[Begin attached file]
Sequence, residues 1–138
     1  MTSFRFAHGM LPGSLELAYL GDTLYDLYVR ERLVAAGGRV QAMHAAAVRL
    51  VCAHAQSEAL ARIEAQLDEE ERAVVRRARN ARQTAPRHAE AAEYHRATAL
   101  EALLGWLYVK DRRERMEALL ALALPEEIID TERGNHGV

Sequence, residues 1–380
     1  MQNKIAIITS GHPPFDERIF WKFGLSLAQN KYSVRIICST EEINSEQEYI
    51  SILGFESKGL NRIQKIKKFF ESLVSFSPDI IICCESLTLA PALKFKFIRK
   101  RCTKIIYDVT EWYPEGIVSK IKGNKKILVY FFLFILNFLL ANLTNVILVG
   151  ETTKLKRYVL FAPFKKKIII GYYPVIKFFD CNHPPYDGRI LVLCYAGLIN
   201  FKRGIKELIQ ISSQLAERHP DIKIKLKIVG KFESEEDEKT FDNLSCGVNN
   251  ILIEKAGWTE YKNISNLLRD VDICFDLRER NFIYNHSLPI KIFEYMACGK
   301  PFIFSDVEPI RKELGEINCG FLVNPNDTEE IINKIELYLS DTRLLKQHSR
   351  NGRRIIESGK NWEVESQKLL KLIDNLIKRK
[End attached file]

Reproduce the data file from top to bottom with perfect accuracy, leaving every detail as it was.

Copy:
Sequence, residues 1–138
     1  MTSFRFAHGM LPGSLELAYL GDTLYDLYVR ERLVAAGGRV QAMHAAAVRL
    51  VCAHAQSEAL ARIEAQLDEE ERAVVRRARN ARQTAPRHAE AAEYHRATAL
   101  EALLGWLYVK DRRERMEALL ALALPEEIID TERGNHGV

Sequence, residues 1–380
     1  MQNKIAIITS GHPPFDERIF WKFGLSLAQN KYSVRIICST EEINSEQEYI
    51  SILGFESKGL NRIQKIKKFF ESLVSFSPDI IICCESLTLA PALKFKFIRK
   101  RCTKIIYDVT EWYPEGIVSK IKGNKKILVY FFLFILNFLL ANLTNVILVG
   151  ETTKLKRYVL FAPFKKKIII GYYPVIKFFD CNHPPYDGRI LVLCYAGLIN
   201  FKRGIKELIQ ISSQLAERHP DIKIKLKIVG KFESEEDEKT FDNLSCGVNN
   251  ILIEKAGWTE YKNISNLLRD VDICFDLRER NFIYNHSLPI KIFEYMACGK
   301  PFIFSDVEPI RKELGEINCG FLVNPNDTEE IINKIELYLS DTRLLKQHSR
   351  NGRRIIESGK NWEVESQKLL KLIDNLIKRK